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I'm not sure whether there's a guide for this but I'd like to know the detailed steps (step-by-step guide perhaps?) involved in achieving the following:

  1. Re-sign shim with a custom CA private key, but still let shim to use Fedora boot CA public key to verify the kernel components for Secure Boot.
  2. Replace Microsoft's key stored in the firmware with the corresponding custom CA public key whose private key was used to sign shim.

The main goal that I want to achieve is to replace the built-in Microsoft's CA certificate stored in the firmware, in order to forbid Microsoft-signed OS bootloaders from being executed, and still use the UEFI's secure boot functionality to boot up F19. The general overview seems to be outlined in this link, but I'm not able to find any detailed guide to do this.

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I think you can follow below process :

  1. Generate keys for your system . A known good process to me is this
  2. Now you can sign your shim.efi with this signature. use pesign for signing as mentioned in the given link
  3. Now it should work, if not then you might have to sign other binaries with new signatures as well.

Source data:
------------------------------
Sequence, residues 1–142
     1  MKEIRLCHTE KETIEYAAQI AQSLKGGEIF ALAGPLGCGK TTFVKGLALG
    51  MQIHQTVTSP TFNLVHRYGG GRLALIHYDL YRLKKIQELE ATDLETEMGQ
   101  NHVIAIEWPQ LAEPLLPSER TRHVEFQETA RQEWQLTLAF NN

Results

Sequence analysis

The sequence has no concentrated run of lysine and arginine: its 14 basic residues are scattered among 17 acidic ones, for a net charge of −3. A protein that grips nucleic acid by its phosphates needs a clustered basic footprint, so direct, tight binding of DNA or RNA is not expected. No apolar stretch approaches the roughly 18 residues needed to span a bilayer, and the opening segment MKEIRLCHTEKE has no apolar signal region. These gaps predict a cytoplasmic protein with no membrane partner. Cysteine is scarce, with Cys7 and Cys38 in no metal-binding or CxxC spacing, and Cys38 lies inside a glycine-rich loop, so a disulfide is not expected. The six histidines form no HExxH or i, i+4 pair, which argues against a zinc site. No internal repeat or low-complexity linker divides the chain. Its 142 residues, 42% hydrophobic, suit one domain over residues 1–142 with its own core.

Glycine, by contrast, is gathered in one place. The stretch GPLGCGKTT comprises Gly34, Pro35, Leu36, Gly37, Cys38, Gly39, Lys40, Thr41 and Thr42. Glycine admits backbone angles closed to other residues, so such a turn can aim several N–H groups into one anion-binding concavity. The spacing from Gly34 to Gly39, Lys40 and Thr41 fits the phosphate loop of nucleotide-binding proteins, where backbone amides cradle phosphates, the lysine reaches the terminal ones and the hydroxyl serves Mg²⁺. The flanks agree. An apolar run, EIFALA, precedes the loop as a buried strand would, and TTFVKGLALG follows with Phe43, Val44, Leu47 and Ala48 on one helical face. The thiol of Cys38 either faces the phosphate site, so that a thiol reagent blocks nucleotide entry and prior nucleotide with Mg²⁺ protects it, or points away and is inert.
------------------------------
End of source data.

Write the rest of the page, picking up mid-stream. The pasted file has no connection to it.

But I am afraid that removing MS certificate from shim.efi might break. You might be interested in reading this link for more details.

I have taken few points below for your reference :

Point#1

A lot of our users want to build their own kernels. Some even want to build their own distributions. Signing our bootloader and kernel is an impediment to that. We'll be providing all the tools we use for signing our binaries, but for obvious reasons we can't hand out our keys. There's three approaches here. The first is for a user to generate their own key and enrol it in their system firmware. We'll trust anything that's signed with a key that's present in the firmware. The second is to rebuild the shim loader with their own key installed and then pay $99 and sign that with Microsoft. That means that they'll be able to give copies to anyone else and let them install it without any fiddling. The third is to just disable secure boot entirely, at which point the machine should return to granting the same set of freedoms as it currently does.

Point#2 :

A system in custom mode should allow you to delete all existing keys and replace them with your own. After that it's just a matter of re-signing the Fedora bootloader (like I said, we'll be providing tools and documentation for that) and you'll have a computer that will boot Fedora but which will refuse to boot any Microsoft code. It may be a little more awkward for desktops because you may have to handle the Microsoft-signed UEFI drivers on your graphics and network cards, but this is also solvable. I'm looking at ways to implement a tool to allow you to automatically whitelist the installed drivers. Barring firmware backdoors, it's possible to configure secure boot such that your computer will only run software you trust. Freedom means being allowed to run the software you want to run, but it also means being able to choose the software you don't want to run.

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